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Monday, June 15, 2015

Interview with Hugh Acheson

Chef Hugh Acheson | Photo by Andrew Thomas Lee
Chef Hugh Acheson released his third book, The Broad Fork: Recipes for the Wide World of Vegetables and Fruits, last month, which I reviewed in a round up of Southern cookbooks recently. It's an exciting cookbook with truly creative combination of ingredients and a focus on using vegetables you might just find at a farmers market or in a CSA box. We got a chance to meet and talk while he was in San Francisco just last week. 

Where have you been eating in the Bay Area? Any standouts?
Octavia, La Taqueria, Deli Board. For coffee--Sightglass, Blue Bottle and Coffee Cultures. Up in Healdsburg--Healdsburg Shed, Scopa, Dry Creek Kitchen. Hana for sushi in Rohnert Park was phenomenal. I'm looking forward to checking out Souvla today. 

What kinds of restaurants appeal to you the most? 
I’m always looking for current and contemporary and "ethnic" food. When I travel it’s usually long days, so I don't want a three hour, 12 course meal, I find them exhausting, I don’t eat much, I like to try a lot of things.  I like a place with good wine, with good burgundy.

Your culinary influences are so diverse—French, Southern, Japanese, Indian, Mediterranean—what is your process for creating a dish? 
I’m trying to pick up on nuances of flavor. It’s important that recipes are grounded in culinary logic. I try to make sure I’m putting together a puzzle that works, and in the case of  The Broad Fork, respecting the actual vegetable. I don’t like overwrought food—I prefer food to be light on the palate. I just want people to cook more. 

We went through a period 20 years ago of using ingredients and coming up with dishes like wasabi mashed potatoes. It showed a shallow knowledge of cultures. Now we’re cooking a lot more from scratch. Our understanding is much more relevant as ingredients are more accessable. Umami type flavors are more prevalent than ever before. Most of the recipes in the book are not complicated, I’m not having you stuff a chicken and age it in a tree for three months.  

For years the press has talked about “vegetables moving to the center of the plate.” It’s starting to happen in some San Francisco non-vegetarian restaurants. Will it happen with home cooking, in restaurants? At any of your restaurants?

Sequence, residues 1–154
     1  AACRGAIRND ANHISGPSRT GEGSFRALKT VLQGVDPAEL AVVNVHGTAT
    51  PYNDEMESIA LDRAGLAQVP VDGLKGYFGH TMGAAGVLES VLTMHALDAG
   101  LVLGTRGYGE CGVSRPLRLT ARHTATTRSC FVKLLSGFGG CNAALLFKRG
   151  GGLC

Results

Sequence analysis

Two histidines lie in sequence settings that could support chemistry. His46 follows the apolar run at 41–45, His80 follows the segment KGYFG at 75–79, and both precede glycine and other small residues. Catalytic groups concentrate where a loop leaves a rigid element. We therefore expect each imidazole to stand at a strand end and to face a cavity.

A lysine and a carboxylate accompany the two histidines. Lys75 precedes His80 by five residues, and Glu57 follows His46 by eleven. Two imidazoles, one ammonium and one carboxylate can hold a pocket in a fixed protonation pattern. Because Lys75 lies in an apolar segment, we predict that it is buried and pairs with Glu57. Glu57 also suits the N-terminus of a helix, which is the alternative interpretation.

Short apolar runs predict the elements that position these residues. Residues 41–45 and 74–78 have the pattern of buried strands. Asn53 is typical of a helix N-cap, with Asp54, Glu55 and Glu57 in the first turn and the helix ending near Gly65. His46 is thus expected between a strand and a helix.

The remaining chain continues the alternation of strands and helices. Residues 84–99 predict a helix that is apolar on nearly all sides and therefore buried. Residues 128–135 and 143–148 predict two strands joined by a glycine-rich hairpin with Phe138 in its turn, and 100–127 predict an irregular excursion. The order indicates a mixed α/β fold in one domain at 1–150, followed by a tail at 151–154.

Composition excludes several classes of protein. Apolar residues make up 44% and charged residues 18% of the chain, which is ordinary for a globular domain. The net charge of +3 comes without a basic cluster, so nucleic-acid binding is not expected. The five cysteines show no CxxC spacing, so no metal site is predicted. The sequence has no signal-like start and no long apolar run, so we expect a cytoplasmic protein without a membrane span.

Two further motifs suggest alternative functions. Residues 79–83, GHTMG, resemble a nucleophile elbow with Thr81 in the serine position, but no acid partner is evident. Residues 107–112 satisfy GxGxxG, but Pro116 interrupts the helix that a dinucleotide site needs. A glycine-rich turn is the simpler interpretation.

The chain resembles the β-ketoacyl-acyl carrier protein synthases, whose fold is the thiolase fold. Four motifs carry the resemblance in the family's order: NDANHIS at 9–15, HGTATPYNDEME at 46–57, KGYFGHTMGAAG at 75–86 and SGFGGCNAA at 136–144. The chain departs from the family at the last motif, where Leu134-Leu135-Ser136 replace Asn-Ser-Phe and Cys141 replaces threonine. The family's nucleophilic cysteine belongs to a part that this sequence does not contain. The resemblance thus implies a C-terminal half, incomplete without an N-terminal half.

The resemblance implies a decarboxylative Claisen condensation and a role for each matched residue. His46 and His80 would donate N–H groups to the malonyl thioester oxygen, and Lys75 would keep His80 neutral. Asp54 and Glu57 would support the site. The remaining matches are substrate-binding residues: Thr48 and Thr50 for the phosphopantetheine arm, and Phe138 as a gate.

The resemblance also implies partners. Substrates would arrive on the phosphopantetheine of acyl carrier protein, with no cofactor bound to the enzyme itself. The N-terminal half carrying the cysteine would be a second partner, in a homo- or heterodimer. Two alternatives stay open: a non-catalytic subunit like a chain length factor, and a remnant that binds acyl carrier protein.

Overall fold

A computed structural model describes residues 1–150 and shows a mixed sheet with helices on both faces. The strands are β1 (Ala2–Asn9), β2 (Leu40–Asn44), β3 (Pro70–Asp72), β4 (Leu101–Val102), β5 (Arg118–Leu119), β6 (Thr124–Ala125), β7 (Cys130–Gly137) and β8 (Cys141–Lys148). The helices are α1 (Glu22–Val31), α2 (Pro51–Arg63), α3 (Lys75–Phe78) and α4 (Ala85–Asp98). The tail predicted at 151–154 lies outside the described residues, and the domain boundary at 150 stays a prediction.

We are moving towards it, protein prices have become exceptionally difficult and it’s hard to have quality and not charge $45 a plate. I don’t eat 6 ounces of protein anymore, 3-4 ounces is plenty. 

What role does pickling and preserving play in your cooking?
The Southern larder is all about pickling and preserving, as we get to the bottom of it and nerd out on it you can see the world’s pantry revolves around those things too. We’re nerds, we are learning whole new genres and saving the season's bounty. 

What are some good recipes for home cooks who are just getting started with pickling and preserving?
Americans get scared by fermentation but they eat and drink fermented food all the time. The fears are real, but there are smart common sense rules. I’d recommend making vinegar, but not just adding tarragon to white vinegar and hoping for the best. Or make sauerkraut. Or carrots with ginger or pickled peppers. Kimchi. Making these things is like science projects for my kids. 

You are one of the only chefs I know to advocate the use of a slow cooker and pressure cooker. How do you recommend using them?
You can make chicken stock in both! I think the slow cooker is just an evenly tempered cooker. You can slow cook lamb shanks over 8 hours.

Pressure cookers may not be the chefs favorite things, but they are used everyday in Asia and Mexico—anywhere with legume rich cuisine. Both are excellent at tenderizing. You can make corned beef in 55 minutes, of course that’s after brining for a week. The best beans ever are cooked in the pressure cooker. Once you get used ot it you can control it. They are pretty versatile machines. 

What’s next for you? More restaurants, cookbooks, TV? 
Not another book! My full time job is running 4 restaurants. We're opening a coffee shop, we’re very into coffee at the restaurant.

I do a lot of public speaking. I have a charitable organization. We are creating a family consumer science program for grades 6-8 to give kids life skills--so they can make a vinaigrette, roast a chicken, poach an egg. So they don’t run into the dilemma of how to feed a family of 4 on 8 dollars. We have a school district that is going to put it into place. 

I’m also working on a healthy fast food concept. It’s called Broad Fork and we’re trying to form the right alliances. Think large plates, based on the Southern meat and 3 formula.  You will make your own plate with protein and lots of salad elements. A cafetaria model kind of like Chipotle.

Is healthy fast food the wave of the future? 
In San Francisco you're going to have Locol—I think Patterson and Choi are on to something. Beefsteak in DC. There’s a big market for changes and disruptive markets. When we say fast food and fast casual, it’s how America eats.